1536) Sermon Notes (a)

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An Amish barn raising.

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From this morning’s sermon.

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            Our family lived in Preston, Minnesota for nine years in the 1980’s and 90’s.  There is a large Amish community in the Preston-Lanesboro-Harmony area, and we got to know several of those good people.  And they are good people, but they do have their odd ways.  They speak German, not English, among themselves.  They allow gas engines, but not on wheels, so they have no cars or tractors; the Harmony grocery store has a hitching post for the Amish horse-drawn buggies.  They have no indoor plumbing and use no electricity.  The women all wear bonnets and the men all have beards.  The clothes are all home-made, all the same, and no colors are allowed, only black and white; there must be nothing fancy to set anyone above anyone else.  The Amish do not believe in insurance, so when tragedy strikes, they join in to help each other buy a house, raise a barn, or rebuild a herd.  They will go to the doctor and even the hospital, as long as the bill can be paid without the help of insurance.  If the treatment is going to be too expensive, they are content to let nature takes it course.  They never work on Sundays, but always worship together on that holy day.  You won’t find rules on all of those things in the Bible, but the Amish are very intentional about living by II Corinthians 6:17 where it says “Be ye separate” from the rest of the world. 

            There are lots of ways to be a Christian, and the Amish way is, of course, not the only way.  But when the verse says ‘Be ye separate,’ it does mean at the very least, that there are many choices offered to us in this world that are not at all consistent with the way Jesus would have us live; and when we have the courage to say ‘NO,’ there is going to be a separation of ways that will create some tension and anxiety.  A conversation takes a wicked turn, and you know you should object or walk away.  You are asked to do something at work that you know is not right, and you have to take a stand.  Your faith in Jesus is not shared by those you know, and is perhaps even ridiculed, and you feel that separation.  You know what Jesus says about the dangers of wealth and possessions, and you feel a little uneasy about all the possessions you have and keep on accumulating; or, some others may feel uneasy about being jealous of those who have what they cannot afford.  In a society that is not only moving away from its Christian roots, but is increasingly hostile to religious faith, you don’t have to be Amish to feel disconnected.  You may find yourself struggling with either choosing to ‘go along to get along,’ or, intentionally separating yourself from the flow; even making it known at times that you see things from a different perspective, and you will not join in.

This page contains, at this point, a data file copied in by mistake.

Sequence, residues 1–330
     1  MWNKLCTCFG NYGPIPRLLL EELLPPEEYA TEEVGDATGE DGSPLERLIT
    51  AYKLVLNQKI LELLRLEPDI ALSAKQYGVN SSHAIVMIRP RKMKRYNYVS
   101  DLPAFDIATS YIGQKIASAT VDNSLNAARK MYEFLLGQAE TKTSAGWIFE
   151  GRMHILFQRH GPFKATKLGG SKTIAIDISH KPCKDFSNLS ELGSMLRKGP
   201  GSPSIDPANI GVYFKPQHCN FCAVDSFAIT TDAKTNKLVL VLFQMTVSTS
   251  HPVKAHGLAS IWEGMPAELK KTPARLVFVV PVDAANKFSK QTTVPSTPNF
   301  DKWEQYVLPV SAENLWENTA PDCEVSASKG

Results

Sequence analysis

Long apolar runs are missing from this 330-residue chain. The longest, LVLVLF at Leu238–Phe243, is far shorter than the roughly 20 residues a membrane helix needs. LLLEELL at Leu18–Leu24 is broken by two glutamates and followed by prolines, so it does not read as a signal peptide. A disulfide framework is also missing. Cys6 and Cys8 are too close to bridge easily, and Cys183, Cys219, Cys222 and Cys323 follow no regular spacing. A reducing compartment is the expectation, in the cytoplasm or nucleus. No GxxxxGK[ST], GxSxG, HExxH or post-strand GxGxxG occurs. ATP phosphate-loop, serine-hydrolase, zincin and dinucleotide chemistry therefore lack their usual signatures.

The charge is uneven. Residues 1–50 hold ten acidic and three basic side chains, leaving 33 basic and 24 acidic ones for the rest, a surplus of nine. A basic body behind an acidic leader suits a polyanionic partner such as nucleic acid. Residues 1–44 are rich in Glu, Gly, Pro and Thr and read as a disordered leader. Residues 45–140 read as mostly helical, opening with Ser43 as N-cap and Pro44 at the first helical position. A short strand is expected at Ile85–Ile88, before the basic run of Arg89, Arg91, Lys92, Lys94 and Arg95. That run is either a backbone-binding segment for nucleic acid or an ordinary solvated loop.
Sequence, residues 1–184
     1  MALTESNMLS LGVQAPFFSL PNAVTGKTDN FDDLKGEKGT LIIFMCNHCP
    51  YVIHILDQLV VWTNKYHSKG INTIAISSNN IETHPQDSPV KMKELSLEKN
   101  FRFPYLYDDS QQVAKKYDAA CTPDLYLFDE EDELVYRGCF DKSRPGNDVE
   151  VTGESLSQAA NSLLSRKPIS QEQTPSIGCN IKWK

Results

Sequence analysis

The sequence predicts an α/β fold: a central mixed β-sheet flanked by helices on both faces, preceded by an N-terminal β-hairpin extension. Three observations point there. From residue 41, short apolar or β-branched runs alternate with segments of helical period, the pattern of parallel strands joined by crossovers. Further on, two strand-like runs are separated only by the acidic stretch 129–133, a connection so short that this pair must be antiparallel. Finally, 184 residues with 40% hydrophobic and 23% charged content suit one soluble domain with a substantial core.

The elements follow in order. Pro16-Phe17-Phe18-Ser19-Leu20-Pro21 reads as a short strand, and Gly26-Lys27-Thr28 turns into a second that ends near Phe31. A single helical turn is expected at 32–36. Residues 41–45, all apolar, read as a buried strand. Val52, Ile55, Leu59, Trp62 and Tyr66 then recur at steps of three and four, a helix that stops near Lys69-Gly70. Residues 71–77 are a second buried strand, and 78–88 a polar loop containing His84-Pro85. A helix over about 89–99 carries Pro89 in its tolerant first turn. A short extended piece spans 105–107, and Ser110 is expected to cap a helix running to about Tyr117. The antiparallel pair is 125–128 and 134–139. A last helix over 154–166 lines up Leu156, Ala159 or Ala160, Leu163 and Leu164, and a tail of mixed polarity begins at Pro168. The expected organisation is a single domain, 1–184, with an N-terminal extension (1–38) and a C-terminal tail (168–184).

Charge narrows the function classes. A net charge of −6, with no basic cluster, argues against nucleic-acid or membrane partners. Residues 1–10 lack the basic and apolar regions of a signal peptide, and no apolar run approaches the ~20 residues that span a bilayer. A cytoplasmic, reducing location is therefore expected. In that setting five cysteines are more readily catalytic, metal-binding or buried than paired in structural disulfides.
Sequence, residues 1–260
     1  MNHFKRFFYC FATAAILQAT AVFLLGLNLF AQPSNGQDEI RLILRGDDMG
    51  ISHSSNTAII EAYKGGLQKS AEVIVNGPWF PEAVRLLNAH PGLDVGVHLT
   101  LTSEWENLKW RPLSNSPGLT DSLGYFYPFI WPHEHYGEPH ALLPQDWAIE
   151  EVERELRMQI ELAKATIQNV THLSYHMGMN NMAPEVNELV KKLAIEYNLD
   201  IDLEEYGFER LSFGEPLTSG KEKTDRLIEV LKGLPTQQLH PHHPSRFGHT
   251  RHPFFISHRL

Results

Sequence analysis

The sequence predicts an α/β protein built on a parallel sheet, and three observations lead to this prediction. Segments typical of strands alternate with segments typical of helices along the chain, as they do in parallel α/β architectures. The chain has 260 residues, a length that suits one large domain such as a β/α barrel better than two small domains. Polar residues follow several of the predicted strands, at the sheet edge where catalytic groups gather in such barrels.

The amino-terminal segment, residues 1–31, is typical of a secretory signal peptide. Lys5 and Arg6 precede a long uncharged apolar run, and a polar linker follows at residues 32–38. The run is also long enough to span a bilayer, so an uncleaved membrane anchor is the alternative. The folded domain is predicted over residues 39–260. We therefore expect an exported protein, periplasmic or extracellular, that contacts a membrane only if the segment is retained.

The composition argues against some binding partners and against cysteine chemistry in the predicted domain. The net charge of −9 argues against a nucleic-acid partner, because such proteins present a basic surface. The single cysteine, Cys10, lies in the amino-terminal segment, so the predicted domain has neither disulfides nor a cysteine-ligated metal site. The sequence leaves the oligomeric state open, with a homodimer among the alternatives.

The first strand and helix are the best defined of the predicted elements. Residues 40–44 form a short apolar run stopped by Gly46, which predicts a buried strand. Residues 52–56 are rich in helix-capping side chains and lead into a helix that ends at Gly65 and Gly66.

Flannery O’Connor (1925-1964) was an award winning Southern writer, a brilliant intellectual, and a devout Roman Catholic.  Her book awards often put her in the company of other writers, most of whom sneered at religious faith, and whose writings displayed their deep hostility towards all things Catholic.  O’Connor was witty, had a sharp tongue, and could hold her own in a brisk conversation.  But she always felt the separation, she always felt different. Jesus says  in John 8:32, “You shall know the truth, and the truth shall make you free;” Flannery O’Connor once rephrased that verse to say:  “You shall know the truth, and the truth shall make you odd.”

            This morning’s Scripture readings speak of this separation.  The writers, because of how they are living for the Lord, and what they are saying in the Lord’s name, are facing tough opposition from their neighbors and even from their own family.  The Psalmist says to the Lord, “I have endured scorn for your sake, and shame covers my face.  I am like a stranger to my own family, and the insults of those who insult you fall on me” (Psalm 69:7-9).  Jeremiah, a preacher who was severely persecuted for proclaiming an unpopular message from the Lord, said, “I am ridiculed, and everyone mocks me.  The word of the Lord has brought me insults and reproach all day long” (Jeremiah 20:7-8).  And Jesus said, “A disciple is not above the master; if they call me a devil (or Beelzubel), they will malign you too” (Matthew 10:25).  (continued…)

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II Corinthians 2:17a  —  “Come out from them and be separate,” says the Lord.

John 8:32  —  (Jesus said), “Then you will know the truth, and the truth will set you free.”

Psalm 69:7-9  —  For I endure scorn for your sake, and shame covers my face.  I am a foreigner to my own family, a stranger to my own mother’s children; for zeal for your house consumes me, and the insults of those who insult you fall on me.

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 O God, give us patience when the wicked hurt us.  O how impatient and angry we are when we think ourselves unjustly slandered, reviled, and hurt.  Christ suffered strokes upon his cheek, the innocent for the guilty; yet we may not abide on rougth word for his sake.  O Lord, grant us virtue and patience, power and strength, that we may take all adversity with good will, and with a gentle mind overcome it.  And if necessity and your honor require us to speak, grant that we may do so with meekness and patience, that the truth and your glory may be defended, and our patience and steadfast continuance perceived.  Amen. 

–Myles Coverdale, English reformer and Bible translator  (1488-1569)

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